The Real Deal | July 1st, 2016
By Konrad Putzier
When 685 Fifth Avenue hit the market two years ago, investors practically lined up around the block. The building’s roughly 25,000-square-foot retail space — which sits on the corner of 54th Street — came with 152 feet of frontage in the heart of Manhattan’s most profitable shopping district. Best of all, the property’s only retail tenant, Gucci, was about to leave, allowing any buyer to sign a new tenant in a neighborhood where asking rents were growing at an annual average of 8 percent.
Who wouldn’t want to get in on that? Joseph Sitt’s Thor Equities and the shopping mall giant General Growth Properties, helmed by Sandeep Mathrani,certainly did.
In July 2014, the two firms joined forces and paid $475 million for the 20-story building, which also includes 90,000 square feet of office space. Soon after, the partners began actively marketing the property’s retail.
According to sources familiar with the project, however, reality has not quite lived up to expectations.
In February, the owners landed the luxury fashion designer Coach as a tenantfor a 10-year lease with a rent of about $4,000 per square foot. While that may seem like a major coup, sources say Thor and GGP had to offer deeper concessions than expected: The landlords agreed to pay for the space’s build-out, which can cost up to $1,000 per square foot for a prime retail location.
“On the face value it looks like they got a very high rent, but if you count in concessions it looks different,” said Faith Hope Consolo, chair of the retail division at Douglas Elliman.And in the end, Coach didn’t take the entire ground-floor space, leaving the building’s owners with about 900 remaining square feet
A representative for Thor declined to comment.
Thor and GGP will still collect about $20 million in annual rent for the retail space, according to one source, and the partners entered contract to sell the building’s office portion to the Turkish real estate and jewelry company the Gülaylar Group for $160 million in March, meaning their initial investment will likely net them a hefty overall profit. But the concessions offered to Coach point to a broader concern in Manhattan’s retail market: Luxury and non-luxury tenants are becoming less willing to pay the kinds of rents owners demand.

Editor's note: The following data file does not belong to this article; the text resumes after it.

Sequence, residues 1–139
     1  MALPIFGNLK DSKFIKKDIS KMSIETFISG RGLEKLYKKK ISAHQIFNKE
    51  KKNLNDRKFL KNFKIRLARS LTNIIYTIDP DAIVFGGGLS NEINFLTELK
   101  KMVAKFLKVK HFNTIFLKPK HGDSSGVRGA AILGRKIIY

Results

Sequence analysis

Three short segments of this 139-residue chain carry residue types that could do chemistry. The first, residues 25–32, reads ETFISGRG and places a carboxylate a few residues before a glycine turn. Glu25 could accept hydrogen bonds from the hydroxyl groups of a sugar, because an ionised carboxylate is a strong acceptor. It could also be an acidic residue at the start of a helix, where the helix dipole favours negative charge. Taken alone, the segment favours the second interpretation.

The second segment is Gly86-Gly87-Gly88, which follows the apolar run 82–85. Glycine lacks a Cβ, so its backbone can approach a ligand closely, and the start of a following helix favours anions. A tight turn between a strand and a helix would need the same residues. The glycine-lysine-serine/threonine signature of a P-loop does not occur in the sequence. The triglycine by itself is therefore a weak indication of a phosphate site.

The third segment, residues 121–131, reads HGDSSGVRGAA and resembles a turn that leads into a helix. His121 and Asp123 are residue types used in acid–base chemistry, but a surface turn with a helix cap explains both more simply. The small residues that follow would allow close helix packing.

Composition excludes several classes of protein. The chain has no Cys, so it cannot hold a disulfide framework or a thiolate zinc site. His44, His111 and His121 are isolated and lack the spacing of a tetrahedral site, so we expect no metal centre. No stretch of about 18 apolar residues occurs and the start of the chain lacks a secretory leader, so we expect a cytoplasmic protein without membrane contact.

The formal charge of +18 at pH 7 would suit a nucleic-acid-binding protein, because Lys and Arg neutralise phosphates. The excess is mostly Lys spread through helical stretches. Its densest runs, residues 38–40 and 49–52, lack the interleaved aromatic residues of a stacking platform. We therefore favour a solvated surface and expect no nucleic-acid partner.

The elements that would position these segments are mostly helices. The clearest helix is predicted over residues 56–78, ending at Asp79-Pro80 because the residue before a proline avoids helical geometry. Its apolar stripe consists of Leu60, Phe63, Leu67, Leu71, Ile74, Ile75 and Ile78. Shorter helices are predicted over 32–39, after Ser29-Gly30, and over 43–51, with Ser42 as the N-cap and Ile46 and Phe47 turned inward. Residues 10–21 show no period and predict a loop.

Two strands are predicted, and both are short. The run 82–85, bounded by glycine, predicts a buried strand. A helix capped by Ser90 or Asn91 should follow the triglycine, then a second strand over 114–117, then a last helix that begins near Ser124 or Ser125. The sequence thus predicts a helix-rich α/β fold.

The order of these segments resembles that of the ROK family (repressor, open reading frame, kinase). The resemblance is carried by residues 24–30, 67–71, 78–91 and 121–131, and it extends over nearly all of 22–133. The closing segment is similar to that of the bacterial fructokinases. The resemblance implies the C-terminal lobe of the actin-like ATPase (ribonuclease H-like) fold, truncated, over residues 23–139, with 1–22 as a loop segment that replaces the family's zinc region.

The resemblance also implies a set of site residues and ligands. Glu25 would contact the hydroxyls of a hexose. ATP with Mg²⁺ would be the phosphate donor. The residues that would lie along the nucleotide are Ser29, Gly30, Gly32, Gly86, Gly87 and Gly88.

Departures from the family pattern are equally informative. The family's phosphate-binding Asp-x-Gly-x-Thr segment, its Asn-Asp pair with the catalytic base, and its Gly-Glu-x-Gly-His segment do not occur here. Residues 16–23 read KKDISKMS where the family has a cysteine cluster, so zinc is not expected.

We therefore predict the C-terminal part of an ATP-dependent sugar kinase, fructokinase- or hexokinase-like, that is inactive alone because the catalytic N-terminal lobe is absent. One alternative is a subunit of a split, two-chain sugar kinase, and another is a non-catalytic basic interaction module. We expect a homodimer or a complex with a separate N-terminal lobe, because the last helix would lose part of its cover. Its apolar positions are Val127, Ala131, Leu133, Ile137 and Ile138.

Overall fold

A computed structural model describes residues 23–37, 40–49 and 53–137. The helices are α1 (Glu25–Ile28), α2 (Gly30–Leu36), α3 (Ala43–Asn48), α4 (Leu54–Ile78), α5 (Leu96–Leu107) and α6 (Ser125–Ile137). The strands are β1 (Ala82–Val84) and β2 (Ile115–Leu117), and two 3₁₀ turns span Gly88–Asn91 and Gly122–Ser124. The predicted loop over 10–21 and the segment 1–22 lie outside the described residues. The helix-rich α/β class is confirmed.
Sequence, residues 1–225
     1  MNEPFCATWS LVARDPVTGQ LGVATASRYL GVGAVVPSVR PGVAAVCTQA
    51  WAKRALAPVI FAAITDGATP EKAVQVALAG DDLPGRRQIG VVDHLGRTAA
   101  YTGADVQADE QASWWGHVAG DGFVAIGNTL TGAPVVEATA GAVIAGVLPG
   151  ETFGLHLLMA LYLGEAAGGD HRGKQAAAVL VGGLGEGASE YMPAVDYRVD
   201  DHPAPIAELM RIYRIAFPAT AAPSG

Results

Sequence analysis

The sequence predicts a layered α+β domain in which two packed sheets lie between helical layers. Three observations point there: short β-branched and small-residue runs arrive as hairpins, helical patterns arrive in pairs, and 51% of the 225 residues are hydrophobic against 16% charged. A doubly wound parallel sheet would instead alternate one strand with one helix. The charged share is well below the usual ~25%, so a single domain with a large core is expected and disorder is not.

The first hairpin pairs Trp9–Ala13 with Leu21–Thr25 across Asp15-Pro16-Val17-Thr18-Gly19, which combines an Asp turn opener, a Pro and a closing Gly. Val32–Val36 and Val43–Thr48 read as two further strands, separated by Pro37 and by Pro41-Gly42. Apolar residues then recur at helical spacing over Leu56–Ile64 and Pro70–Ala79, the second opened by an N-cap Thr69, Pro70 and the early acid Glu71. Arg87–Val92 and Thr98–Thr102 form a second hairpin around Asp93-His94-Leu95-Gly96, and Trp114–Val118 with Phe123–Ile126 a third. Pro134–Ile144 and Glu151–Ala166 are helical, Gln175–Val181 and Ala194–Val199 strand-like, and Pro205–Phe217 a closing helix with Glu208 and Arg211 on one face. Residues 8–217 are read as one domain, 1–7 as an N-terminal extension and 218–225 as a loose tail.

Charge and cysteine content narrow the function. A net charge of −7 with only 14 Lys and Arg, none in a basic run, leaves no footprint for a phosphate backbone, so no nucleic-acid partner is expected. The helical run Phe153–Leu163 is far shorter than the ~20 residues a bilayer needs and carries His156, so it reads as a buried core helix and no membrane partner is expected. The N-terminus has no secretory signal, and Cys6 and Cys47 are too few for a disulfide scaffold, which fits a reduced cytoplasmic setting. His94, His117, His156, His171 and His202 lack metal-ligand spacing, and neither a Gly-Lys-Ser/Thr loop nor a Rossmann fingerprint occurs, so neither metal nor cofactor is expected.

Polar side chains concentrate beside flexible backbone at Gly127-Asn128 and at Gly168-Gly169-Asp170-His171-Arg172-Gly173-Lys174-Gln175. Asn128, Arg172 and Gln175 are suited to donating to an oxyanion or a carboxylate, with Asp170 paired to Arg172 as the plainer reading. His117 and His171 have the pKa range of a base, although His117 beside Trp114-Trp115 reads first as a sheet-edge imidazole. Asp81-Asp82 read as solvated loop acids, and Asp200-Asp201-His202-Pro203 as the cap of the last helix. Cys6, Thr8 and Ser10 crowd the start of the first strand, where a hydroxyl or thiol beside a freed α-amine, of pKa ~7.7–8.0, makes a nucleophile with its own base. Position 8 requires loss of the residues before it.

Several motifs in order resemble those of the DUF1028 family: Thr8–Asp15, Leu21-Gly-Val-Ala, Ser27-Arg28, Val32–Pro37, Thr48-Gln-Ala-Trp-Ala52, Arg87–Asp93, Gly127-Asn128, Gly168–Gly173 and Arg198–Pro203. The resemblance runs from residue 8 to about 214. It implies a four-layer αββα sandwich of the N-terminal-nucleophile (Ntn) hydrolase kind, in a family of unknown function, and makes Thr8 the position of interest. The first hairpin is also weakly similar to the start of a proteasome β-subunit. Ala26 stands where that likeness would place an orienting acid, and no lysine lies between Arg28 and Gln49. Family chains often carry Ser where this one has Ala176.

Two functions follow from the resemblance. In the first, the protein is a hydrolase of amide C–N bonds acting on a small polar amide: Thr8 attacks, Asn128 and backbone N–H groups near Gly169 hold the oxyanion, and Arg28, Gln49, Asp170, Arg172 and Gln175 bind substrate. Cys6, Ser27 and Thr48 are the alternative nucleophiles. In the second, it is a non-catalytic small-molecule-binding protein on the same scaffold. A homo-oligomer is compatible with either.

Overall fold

These days, hardly a week goes by without a new report about struggling retailers and rising vacancies in Manhattan. Average retail asking rents fell year over year in seven of the borough’s 12 main retail submarkets in the first quarter of 2016, according to Cushman & Wakefield. And several prime shopping districts now have availability rates well over 20 percent, while stretches on Bleecker Street and Broadway have become notorious for their empty storefronts.
These signs of trouble are coinciding with record spending by retail investors and the rise of the retail condo.
Investors have shelled out $25 billion on Manhattan retail properties since the beginning of 2011, according to data from Real Capital Analytics. And in recent years, buyers have been more willing to dig deeper into their wallets and accept higher per-square-foot prices — forcing them to find tenants willing to pay high rents to justify their purchases.
Since 2000, RCA’s database counts 24 Manhattan retail condo sales that were priced at $10,000 per square foot or more. All of them closed after July 2011 and 17 closed in 2014 and 2015.
“I don’t want to say it’s a bubble but it’s been constantly bid up for six years,” Lee & Associates Managing Principal Peter Braus told The Real Deal.
Consolo added that retail condo sales prices have gone into the “stratosphere” in recent years.
“It is clear that there were numbers that were far too aggressive and the market just couldn’t keep up,” she said.
What goes up …
While real estate insiders are reluctant to call it a retail bubble, many acknowledge that a correction is imminent.
Michael Weiser, president of commercial brokerage GFI Realty Services, said the best indicator of whether Manhattan’s retail market is weakening is vacancy.
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